7. Cy is a trademark of Amersham Biosciences Limited. This conjugated product is sold under license to the following patents: US Patent Nos. 5,486,616; 5,569,587; 5,569,766; 5,627,027.
  8. This product is subject to proprietary rights of Amersham Biosciences Corp. and Carnegie Mellon University and made and sold under license from Amersham Biosciences Corp. This product is licensed for sale only for research. It is not licensed for any other use. If you require a commercial license to use this product and do not have one return this material, unopened to BD Biosciences, 10975 Torreyana Rd, San Diego, CA 92121 and any money paid for the material will be refunded.
  9. Caution: Sodium azide yields highly toxic hydrazoic acid under acidic conditions. Dilute azide compounds in running water before discarding to avoid accumulation of potentially explosive deposits in plumbing.
561931 Rev. 1
Antibody Details
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H1.2F3

The H1.2F3 monoclonal antibody specifically binds to CD69 (Very Early Activation antigen), an 85 kDa disulfide-linked homodimer of differentially glycosylated subunits. CD69 is a C-type lectin, most closely related to the NKR-P1 and Ly-49 NK cell-activation molecules. Its expression is rapidly induced upon activation of lymphocytes (T, B, NK, and NK-T cells), neutrophils, and macrophages. CD69 is expressed also on thymocytes that are undergoing positive selection; its role in that process is unclear. H1.2F3 mAb augments PMA-induced T-cell stimulation and IFN-γ-induced macrophage stimulation. IL-2-activated NK cells express CD69, and H1.2F3 mAb induces redirected lysis of FcR-bearing target cells by NK cells.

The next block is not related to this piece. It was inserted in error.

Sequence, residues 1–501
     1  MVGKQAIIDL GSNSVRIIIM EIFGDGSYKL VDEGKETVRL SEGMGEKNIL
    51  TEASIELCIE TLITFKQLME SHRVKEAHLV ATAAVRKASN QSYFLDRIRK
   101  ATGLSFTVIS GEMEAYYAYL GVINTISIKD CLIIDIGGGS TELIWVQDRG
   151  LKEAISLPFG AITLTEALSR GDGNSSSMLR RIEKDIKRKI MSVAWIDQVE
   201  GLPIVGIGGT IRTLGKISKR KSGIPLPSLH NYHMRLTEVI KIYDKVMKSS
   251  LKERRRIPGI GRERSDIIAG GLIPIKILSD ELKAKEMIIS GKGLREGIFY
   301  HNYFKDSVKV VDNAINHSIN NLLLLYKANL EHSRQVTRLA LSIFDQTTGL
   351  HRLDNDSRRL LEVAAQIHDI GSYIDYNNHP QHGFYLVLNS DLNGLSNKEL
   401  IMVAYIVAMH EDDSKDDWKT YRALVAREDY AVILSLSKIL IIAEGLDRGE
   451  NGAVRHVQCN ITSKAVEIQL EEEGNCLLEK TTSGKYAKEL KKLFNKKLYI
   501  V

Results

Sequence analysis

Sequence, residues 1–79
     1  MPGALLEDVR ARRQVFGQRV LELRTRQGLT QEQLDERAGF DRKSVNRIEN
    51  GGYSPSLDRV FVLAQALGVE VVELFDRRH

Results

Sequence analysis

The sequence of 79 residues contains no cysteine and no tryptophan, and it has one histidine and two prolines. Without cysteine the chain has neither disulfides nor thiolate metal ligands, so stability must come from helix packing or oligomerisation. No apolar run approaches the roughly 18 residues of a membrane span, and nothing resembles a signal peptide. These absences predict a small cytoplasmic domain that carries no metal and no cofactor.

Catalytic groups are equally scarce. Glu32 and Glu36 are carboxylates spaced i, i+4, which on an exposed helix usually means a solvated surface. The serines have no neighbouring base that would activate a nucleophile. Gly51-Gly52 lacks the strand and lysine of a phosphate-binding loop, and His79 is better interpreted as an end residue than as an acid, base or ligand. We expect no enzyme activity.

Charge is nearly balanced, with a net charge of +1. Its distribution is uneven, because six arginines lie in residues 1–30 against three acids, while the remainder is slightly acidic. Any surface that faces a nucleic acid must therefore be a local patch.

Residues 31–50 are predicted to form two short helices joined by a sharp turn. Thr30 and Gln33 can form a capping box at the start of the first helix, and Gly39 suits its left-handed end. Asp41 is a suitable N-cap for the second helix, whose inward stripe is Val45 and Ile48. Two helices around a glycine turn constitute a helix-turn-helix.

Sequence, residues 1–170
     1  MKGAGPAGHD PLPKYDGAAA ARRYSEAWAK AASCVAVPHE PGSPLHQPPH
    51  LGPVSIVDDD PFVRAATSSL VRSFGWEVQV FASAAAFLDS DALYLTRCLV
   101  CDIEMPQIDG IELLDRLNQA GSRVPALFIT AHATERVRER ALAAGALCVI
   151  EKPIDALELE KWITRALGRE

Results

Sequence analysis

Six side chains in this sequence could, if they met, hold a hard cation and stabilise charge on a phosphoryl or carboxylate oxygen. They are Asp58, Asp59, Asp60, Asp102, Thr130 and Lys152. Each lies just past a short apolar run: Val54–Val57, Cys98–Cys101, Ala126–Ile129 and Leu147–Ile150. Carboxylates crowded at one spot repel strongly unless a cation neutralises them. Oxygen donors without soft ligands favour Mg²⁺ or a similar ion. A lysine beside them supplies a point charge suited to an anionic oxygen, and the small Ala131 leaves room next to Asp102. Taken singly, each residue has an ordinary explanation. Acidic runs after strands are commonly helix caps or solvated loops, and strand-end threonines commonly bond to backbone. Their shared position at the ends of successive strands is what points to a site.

561931 Rev. 1
Format Details
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PerCP-Cy5.5
PerCP-Cy5.5 dye is part of the BD blue family of dyes. This tandem fluorochrome is comprised of a fluorescent protein complex (PerCP) with an excitation maximum (Ex Max) of 482 nm and an acceptor dye with an emission maximum (Em Max) at 676 nm. PerCP-Cy5 is designed to be excited by the blue laser (488-nm) and detected using an optical filter centered near 680 nm (e.g., a 695/40 nm bandpass filter). The donor dye can be partially excited by the Violet (405-nm) laser resulting in cross-laser excitation and fluorescence spillover. Please ensure that your instrument’s configurations (lasers and optical filters) are appropriate for this dye.
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PerCP-Cy5.5
Blue 488 nm
482 nm
676 nm
561931 Rev.1
Citations & References
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Development References (18)

  1. Bendelac A, Matzinger P, Seder RA, Paul WE, Schwartz RH. Activation events during thymic selection. J Exp Med. 1992; 175(3):731-742. (Biology). View Reference
  2. Brandle D, Muller S, Muller C, Hengartner H, Pircher H. Regulation of RAG-1 and CD69 expression in the thymus during positive and negative selection. Eur J Immunol. 1994; 24(1):145-151. (Biology). View Reference
  3. Gabor MJ, Godfrey DI, Scollay R. Recent thymic emigrants are distinct from most medullary thymocytes. Eur J Immunol. 1997; 27(8):2010-2050. (Biology). View Reference
  4. Greimers R, Trebak M, Moutschen M, Jacobs N, Boniver J. Improved four-color flow cytometry method using fluo-3 and triple immunofluorescence for analysis of intracellular calcium ion ([Ca2+]i) fluxes among mouse lymph node B- and T-lymphocyte subsets. Cytometry. 1996; 23(3):205-217. (Biology). View Reference